Another lucky charity shop find. I love this cover; it’s classy (my photo doesn’t do it justice so you’ll have to take my word for it, but her matching coral lipstick and nail polish combo is gorgeous) and it’s spooky too. Look at that sinister silhouette of someone or something lurking in the darkened window behind her – no wonder she’s running away before giving herself time to put her coat on properly!

Margaret Millar (February 5, 1915 – March 26, 1994) was an American-Canadian mystery and suspense writer. She has been credited with being a screenwriter for Warner Brothers Hollywood and was a recipient of the Mystery Writers of America Edgar Allan Poe Award in 1956. I think her writing is wonderful; I’m reading another one of her books at the moment and hope to review it soon.

As for Do Evil, a cursory flick through the internet reveals this has been reprinted a number of times. Here’s the back blurb from 1974 Avon Books:

“Girls like Violet often came into Dr. Charlotte Keating’s office. Violet wore a wedding ring, but then, they all did. They bought them at the dime store just before the appointment. And Charlotte’s response was the same each time: firm but sympathetic refusal. But there was something different about Violet…”

And an alternative Dell cover (with Map back) can be viewed on Swallace99’s Flickr page here – http://www.flickr.com/photos/56781833@N06/6371129973/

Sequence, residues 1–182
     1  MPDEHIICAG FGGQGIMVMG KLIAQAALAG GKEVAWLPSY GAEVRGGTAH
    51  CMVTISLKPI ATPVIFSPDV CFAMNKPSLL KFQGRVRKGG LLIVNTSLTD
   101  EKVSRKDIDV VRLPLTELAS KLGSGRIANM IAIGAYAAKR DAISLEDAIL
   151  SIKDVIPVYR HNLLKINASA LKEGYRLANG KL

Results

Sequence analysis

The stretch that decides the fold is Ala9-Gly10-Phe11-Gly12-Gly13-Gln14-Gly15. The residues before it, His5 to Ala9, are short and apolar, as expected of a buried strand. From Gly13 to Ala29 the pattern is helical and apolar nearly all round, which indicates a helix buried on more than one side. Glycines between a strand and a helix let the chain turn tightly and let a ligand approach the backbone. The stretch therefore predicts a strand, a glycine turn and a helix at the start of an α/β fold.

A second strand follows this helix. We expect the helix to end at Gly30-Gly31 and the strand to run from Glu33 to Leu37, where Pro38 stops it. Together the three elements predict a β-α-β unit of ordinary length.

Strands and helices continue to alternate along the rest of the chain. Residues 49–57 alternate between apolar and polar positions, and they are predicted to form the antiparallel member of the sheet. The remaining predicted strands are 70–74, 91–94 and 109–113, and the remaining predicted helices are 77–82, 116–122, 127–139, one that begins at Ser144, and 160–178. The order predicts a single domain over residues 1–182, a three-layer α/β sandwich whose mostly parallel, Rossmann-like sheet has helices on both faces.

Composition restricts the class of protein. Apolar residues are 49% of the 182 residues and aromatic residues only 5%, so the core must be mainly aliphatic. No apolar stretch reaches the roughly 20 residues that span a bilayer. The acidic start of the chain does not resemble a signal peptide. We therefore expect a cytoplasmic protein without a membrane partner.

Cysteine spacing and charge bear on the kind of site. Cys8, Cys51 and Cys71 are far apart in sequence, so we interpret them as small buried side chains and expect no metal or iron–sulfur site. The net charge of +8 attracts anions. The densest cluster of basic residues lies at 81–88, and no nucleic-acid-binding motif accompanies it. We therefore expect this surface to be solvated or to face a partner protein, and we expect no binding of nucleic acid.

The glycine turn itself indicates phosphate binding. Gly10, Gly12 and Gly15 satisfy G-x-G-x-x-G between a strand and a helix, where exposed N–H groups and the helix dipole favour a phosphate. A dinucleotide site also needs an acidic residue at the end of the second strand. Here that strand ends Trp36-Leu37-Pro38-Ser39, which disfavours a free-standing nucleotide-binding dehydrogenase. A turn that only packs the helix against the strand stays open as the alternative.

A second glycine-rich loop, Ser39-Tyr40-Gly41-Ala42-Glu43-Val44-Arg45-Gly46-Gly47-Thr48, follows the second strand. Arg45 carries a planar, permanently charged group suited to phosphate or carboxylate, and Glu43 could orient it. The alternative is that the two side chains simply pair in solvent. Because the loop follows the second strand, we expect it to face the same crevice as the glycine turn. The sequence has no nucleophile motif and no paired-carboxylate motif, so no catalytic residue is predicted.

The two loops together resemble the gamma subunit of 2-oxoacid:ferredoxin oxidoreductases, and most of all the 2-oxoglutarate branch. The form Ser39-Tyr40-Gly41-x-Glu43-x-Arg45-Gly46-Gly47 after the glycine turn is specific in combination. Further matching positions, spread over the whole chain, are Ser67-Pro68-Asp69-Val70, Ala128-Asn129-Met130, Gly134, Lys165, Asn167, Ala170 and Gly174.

Beauty That Must Die

Rosaleen Day could not feel sorry when she learned that Crystal Hugo was dead. The young actress had bewitched Rosaleen’s husband, Rory, and their marriage was in jeopardy. Yet it was a shock to Rosaleen when the police disclosed Crystal hadn’t committed suicide, as they all assumed, but had been murdered.

So many people could benefit from Crystal’s death – so many people wanted her out of the way. She was wrecking Rosaleen’s marriage, harming Rory’s career, and tormenting a rejected lover.

Rosaleen knew that until the cloud of suspicion over them all was erased, she and Rory would never trust one another again – even in death Crystal stood between them. Desperate to discover the murderer before the police did, Rosaleen would prove to be her own worst enemy…

Written by Barbara James, published by Ace Books 1961.

I found this gothic in the lovely Rainbow Books, Brighton, over the weekend. I am intrigued by the cover art, the way the ghostly figure of the woman seems to be metamorphosing into a house herself. When I first picked this up I assumed the effect was due to external damage or damp –  the imprint of another book left on top of this one transposing itself onto the cover perhaps –  but on closer inspection I am not so sure. No matter. Whether by accident or design it is still a great cover, though I am not so sure what it has to do with the story.